‘Where is the Welsh short story going? Wherever Rob Mimpriss takes it.’ John O’Donoghue. Pugnacious Little Trolls, a new collection of short stories published by Cockatrice Books. ‘bathed in white fire in every sense... Borges would happily own them.’ Gee Williams on Pugnacious Little Trolls, a new collection of short stories published by Cockatrice Books. ‘a work of great beauty and subtle force… a fine, distinctive voice.’ Jim Perrin on Pugnacious Little Trolls, a new collection of short stories published by Cockatrice Books. Books: Fiction. ‘Dark, complex, pensively eloquent’ (Sophie Baggott, New Welsh Review) — Reasoning, For His Warriors and Prayer at the End, three short-story collections now published by Cockatrice Books. 10th May 2021: Following Richard Suchorzewski’s vow to ‘return to terrify’ the functional parties of Wales, I would like to announce that I will return to terrify the Nobel Prize for Literature committee. Books: Fiction. ‘Heaving with loss, regret and familial bonds.’ Annexe Magazine on ‘Gemini,’ a short story in Prayer at the End, published by Cockatrice Books. Books: Translations. ‘Lucid, skilful, and above all, of enormous timely relevance’ (Jim Perrin). Rob Mimpriss’s new translation of Morgan Llwyd’s allegorical masterpiece, A Book of Three Birds. ‘There is nothing ostentatious about his writing: most of his characters lead unremarkable, even humdrum, lives; there are few dramatic plot developments... And yet the best of these pieces express something important...’ Brian George, The Short Review. ‘These stories are a rare kind of joy. Even when they approach moments of discontent and danger they bring an optimism founded in human relationships. This is a wonderful collection.’ Prof. Graëme Harper, editor, New Writing. Books: Translations. ‘An invaluable translation.’ Angharad Price on Hallowe’en in the Cwm, the short stories of Glasynys, translated by Rob Mimpriss. ‘Humour and pity often arise from the characters’ inability to understand themselves and those close to them. In suggesting the truth and the self-deception Mimpriss not only engages our sympathy but makes us question our assumptions about ourselves.’ Caroline Clark, gwales.com ‘Quietly written, contemplative... whose powerhouse is the depth of its moral reflection.’ Siân Preece, Rhys Davies Competition on ‘Hamilton Park,’ published in Prayer at the End. ‘an immaculate collection.’ Nigel Jarrett, twice winner of the Rhys Davies Award, on Prayer at the End, a collection of short stories by Rob Mimpriss published by Cockatrice Books. ‘Through the stealthy movements of his prose, Rob Mimpriss enacts the quiet enigma of people’s lives and relationships. The result is an understated fiction of compelling intensity.’ Prof M Wynn Thomas. The story is called ‘Valiant’ in the collection, For His Warriors. I recommend it. Highly. It feels to me already like a classic.’ Fiona Owen, editor, Scintilla. A quiet writer with a loud voice... I’ll be listening for more.’ Michael Nobbs, gwales.com on Reasoning: Twenty Stories, published by Cockatrice Books. Books: Fiction. ‘In the most seemingly unremarkable of Rob Mimpriss’s pieces there is a skill, and a mystery and elusiveness to that skill, which other short-story writers might envy.’ Gee Williams. Books: Anthologies. ‘Industry in the Country of the Blind,’ new fiction in Land of Change, radical prose from Wales edited by Gemma Howell and forthcoming from Culture Matters. Books: Anthologies: ‘this exemplary collaboration’ (Philip Gross). Dangerous Asylums, an anthology of fiction by leading Welsh writers, inspired by Denbigh Mental Hospital, edited by Rob Mimpriss.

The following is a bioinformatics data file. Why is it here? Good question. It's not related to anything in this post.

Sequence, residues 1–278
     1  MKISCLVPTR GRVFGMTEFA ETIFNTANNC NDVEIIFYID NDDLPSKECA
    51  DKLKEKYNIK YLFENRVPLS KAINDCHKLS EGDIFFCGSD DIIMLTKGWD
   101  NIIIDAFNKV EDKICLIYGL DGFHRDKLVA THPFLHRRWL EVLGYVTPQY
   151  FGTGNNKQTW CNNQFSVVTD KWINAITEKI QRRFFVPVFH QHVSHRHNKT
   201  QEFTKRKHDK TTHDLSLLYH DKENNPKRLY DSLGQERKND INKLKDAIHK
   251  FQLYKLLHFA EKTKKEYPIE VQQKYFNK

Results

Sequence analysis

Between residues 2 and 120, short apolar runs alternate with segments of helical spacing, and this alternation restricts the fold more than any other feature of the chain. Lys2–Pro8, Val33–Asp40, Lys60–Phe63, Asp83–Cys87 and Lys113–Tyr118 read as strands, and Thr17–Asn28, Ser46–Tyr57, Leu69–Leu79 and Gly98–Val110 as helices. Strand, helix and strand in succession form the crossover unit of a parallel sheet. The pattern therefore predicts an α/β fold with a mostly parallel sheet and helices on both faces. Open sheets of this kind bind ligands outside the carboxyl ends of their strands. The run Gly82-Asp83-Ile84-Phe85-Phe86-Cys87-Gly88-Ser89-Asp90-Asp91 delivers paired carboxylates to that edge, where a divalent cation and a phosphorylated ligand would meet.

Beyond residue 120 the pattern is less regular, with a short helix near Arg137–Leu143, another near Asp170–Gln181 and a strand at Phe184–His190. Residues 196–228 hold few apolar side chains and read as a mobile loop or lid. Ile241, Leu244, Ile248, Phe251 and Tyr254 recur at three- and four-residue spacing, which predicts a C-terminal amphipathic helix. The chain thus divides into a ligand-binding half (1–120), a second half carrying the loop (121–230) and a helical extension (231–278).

Image of England football fans taken from Wikipedia